Tuesday, July 20, 2010

The New Normal. Tuesday, July 20, 2010.

“The only normal people are the ones you don’t know very well.” –Joe Ancis

For almost three months, I had been in a bipolar “mixed episode,” but never having experienced one, I didn’t know what it was. I only know that I had been experiencing white-knuckle fear every day, for weeks and weeks.

Even medical misjudgments about my medication, and significant job stressors, couldn’t explain the depth of my constant panic. Sounds were too loud, colors were too bright. Pounds fell off, until my pants wouldn’t fit even with a belt. I could only manage about four hours of sleep a night, and exhausted, I could barely drive or function at my full-time job, much less my home business.

I’d quit wearing makeup and styling my hair. My thoughts were so fragmented I couldn’t choose a cereal brand at the store or count change. I did jumping jacks in the restroom at my office to discharge my nervous energy. And always, there was the pound-pound-pounding of my heart, which had taken me to Urgent Care.

I wanted desperately to cry, but could not. I’d begged to move up my appointment with my psychiatrist, but he was booked for months. I contacted the hospital and asked if I could go inpatient; my insurance wouldn’t cover unless I was in “imminent danger.” My mother complained that I was distant; my husband complained that I was self-centered. I tried Cognitive Behavioral Therapy, journaling, meditation, self-hypnosis, EMDR, yoga, walking, breathing, and copious amounts of prayer.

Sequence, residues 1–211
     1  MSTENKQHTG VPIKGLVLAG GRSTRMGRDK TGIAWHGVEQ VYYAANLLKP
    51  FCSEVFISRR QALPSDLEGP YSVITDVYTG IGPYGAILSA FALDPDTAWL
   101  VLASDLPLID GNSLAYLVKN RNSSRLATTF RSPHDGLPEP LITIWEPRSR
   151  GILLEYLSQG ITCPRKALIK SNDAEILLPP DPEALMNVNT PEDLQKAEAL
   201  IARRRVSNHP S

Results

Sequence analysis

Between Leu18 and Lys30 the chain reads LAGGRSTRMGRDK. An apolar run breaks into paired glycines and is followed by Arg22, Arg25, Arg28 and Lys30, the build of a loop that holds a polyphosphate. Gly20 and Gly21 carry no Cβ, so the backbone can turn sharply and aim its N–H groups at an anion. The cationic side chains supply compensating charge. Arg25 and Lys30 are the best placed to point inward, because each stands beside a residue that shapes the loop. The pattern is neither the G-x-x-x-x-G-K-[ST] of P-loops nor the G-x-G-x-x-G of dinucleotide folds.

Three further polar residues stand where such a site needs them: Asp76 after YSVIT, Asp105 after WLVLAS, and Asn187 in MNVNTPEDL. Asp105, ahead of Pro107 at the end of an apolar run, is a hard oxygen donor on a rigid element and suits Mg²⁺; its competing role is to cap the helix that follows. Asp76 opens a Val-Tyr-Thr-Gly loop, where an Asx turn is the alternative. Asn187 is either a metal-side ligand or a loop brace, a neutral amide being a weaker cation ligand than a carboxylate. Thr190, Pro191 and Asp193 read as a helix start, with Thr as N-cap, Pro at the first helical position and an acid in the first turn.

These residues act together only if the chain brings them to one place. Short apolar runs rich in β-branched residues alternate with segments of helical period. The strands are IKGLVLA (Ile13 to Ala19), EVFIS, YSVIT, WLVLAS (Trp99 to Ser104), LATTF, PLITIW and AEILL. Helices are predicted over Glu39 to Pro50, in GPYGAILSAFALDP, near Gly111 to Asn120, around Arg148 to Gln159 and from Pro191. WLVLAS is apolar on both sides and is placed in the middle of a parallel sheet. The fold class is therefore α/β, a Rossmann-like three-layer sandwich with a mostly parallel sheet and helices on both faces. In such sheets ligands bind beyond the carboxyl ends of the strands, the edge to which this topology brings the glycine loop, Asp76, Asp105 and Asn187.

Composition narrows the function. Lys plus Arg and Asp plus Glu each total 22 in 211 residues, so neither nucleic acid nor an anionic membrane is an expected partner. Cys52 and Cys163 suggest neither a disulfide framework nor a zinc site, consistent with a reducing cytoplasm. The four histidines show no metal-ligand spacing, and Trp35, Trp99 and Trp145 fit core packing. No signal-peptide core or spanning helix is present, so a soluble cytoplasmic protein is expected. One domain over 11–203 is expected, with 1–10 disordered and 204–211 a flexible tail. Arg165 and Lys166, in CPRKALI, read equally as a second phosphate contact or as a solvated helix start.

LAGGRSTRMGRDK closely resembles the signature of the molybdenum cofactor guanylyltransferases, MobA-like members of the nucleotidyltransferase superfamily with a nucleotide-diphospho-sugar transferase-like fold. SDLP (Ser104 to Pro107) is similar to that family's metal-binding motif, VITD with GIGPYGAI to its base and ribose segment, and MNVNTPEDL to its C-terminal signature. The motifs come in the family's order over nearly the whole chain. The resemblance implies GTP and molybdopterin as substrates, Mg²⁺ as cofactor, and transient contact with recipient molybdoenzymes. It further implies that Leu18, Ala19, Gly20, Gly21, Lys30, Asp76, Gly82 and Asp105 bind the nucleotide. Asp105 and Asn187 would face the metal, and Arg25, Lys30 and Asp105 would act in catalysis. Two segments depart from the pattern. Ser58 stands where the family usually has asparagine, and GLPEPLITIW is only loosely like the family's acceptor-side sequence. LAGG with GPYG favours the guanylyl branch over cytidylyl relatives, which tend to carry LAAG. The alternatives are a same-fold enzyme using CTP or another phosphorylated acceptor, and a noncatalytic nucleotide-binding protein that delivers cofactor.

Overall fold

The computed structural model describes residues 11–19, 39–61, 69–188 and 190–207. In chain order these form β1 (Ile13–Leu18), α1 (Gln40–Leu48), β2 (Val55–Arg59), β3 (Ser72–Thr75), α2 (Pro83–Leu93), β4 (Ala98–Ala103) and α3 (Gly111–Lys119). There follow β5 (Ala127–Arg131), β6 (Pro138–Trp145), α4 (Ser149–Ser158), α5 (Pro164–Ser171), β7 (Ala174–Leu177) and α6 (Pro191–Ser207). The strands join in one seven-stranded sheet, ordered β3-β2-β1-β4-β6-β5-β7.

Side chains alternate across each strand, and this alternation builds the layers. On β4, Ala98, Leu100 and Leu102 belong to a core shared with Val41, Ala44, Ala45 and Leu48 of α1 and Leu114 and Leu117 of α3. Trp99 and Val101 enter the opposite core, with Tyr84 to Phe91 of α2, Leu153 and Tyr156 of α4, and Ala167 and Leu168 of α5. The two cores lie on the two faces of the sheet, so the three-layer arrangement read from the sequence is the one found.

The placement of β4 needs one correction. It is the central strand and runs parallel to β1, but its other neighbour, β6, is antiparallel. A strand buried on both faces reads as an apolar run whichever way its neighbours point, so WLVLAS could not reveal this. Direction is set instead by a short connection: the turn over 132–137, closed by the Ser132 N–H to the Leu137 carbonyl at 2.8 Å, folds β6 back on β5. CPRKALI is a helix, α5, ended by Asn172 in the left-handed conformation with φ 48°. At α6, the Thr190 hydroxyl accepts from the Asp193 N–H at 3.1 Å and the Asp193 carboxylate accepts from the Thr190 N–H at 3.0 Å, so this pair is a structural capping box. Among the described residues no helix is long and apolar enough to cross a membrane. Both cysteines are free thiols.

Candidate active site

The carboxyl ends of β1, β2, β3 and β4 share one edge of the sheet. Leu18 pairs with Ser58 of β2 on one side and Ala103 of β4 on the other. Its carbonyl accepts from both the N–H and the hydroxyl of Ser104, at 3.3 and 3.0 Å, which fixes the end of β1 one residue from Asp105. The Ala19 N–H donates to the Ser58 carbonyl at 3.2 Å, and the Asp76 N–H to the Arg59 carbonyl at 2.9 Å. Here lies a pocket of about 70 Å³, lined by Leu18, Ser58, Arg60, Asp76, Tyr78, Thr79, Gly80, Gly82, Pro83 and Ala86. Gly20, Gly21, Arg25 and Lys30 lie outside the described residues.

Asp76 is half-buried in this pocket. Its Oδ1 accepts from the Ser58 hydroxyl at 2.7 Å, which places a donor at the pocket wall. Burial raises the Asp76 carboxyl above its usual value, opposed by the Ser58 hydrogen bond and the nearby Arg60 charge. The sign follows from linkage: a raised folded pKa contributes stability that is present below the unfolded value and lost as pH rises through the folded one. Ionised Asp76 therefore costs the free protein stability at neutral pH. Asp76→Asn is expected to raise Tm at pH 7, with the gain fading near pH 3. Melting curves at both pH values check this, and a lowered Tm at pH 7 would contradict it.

By the time I arrived in the psych ward via the ER, with four kinds of pills in my body and stitched-up wrists, my mind and body were on such overdrive that even the entire bottle of Valium I’d taken didn’t sedate me for 12 hours. I tried to tell a psych nurse about the state I’d been in for almost three months, and I said to her, “I’ve always been a nervous person. But this isn’t normal.”

“Well, maybe it’s your ‘new’ normal,” she responded. “Maybe this is just the way you are.” And she shrugged.

I’m sorry, but – what the fuck? Incapacitated? Unable to work, sleep, eat, or even think? My “new normal?” The way I was going to be every day for the rest of my life? Obviously, I would have rather been dead – hence the stitches and the IV cleansing out my liver. What was this nurse thinking?

Of course, I was in the psych ward, where some patients are prone to exaggeration. She’d never met me made-up and dressed professionally for my job. She didn’t know about the awards I’d won or the promotions I’d received. She hadn’t seen me interact happily with my family. In short, she hadn’t seen me at my high-functioning self. All she saw was a pale, disheveled woman in a hospital gown, who hadn’t washed her hair for a week.

Now it’s over a year later. To be honest, I don’t feel 100% yet – I hope I will someday. But I finally found a doctor who would see me, and who prescribed mood stabilizers and an antidepressant. I’m enjoying time with my family, and I’m on full steam at my demanding job. I fix myself up for work, I eat, and I sleep. I have a ways to go before my mood is where I’d like it. But I’m leading a normal life.

I’d like to go back and visit her the psych nurse. Not that she would remember me; obviously, I was just another psych patient to her. But I’d like her to know that I was not about to settle for HER idea of “normal.”

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